Skip to content

Posts from the "Harlem" Category


Tonight: Tell Manhattan CBs That Harlem Needs a Safer Morningside Avenue

The plan for a safer Morningside Avenue is similar to treatments already in place in Harlem and the Bronx. Image: DOT

Community Boards 9 and 10 in Harlem will again hear from DOT tonight on a plan to calm traffic on Morningside Avenue [PDF]. The proposal was developed in response to a request from the North Star Neighborhood Association, and though there is general agreement that speeding drivers are a major problem on Morningside, the community boards have so far failed to endorse the city’s plan to make the street safer.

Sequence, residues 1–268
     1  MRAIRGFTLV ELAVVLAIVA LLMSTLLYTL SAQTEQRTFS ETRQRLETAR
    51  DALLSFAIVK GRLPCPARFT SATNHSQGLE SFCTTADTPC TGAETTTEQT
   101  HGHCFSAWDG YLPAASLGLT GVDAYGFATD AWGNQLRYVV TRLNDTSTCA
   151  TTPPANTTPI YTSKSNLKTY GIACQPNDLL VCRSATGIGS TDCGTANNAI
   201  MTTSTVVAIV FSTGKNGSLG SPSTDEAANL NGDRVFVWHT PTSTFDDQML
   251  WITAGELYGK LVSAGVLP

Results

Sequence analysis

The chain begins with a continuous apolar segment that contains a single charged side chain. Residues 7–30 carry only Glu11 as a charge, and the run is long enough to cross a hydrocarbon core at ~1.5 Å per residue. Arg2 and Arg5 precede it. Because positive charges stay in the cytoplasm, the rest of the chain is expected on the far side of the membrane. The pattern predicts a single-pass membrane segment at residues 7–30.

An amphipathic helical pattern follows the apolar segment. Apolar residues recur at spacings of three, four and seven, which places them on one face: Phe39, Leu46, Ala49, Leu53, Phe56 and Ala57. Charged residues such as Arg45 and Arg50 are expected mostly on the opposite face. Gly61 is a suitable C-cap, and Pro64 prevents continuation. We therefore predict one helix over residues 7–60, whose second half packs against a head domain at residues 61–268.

City Council Democratic primary winner Mark Levine wants the boards to move forward with the proposal, but as usual Council Member Inez Dickens, whose neighboring district encompasses most of the project area, has not indicated her support.

The plan would revamp Morningside from 116th Street to 126th Street from two lanes in each direction to a narrower single lane in each direction, with a center striped median, concrete pedestrian islands and left turn lanes. Parking lanes on each side would be widened, allowing space for cyclists and double-parked drivers. At entrances to Morningside Park, on the west side of the avenue, DOT has proposed painted curb extensions in the parking lane. The proposal does not include bike lanes.

The plan resembles existing traffic-calming measures on Macombs Road in the Bronx and on St. Nicholas Avenue in Harlem, and has some similarities to the plan for Adam Clayton Powell Jr. Boulevard.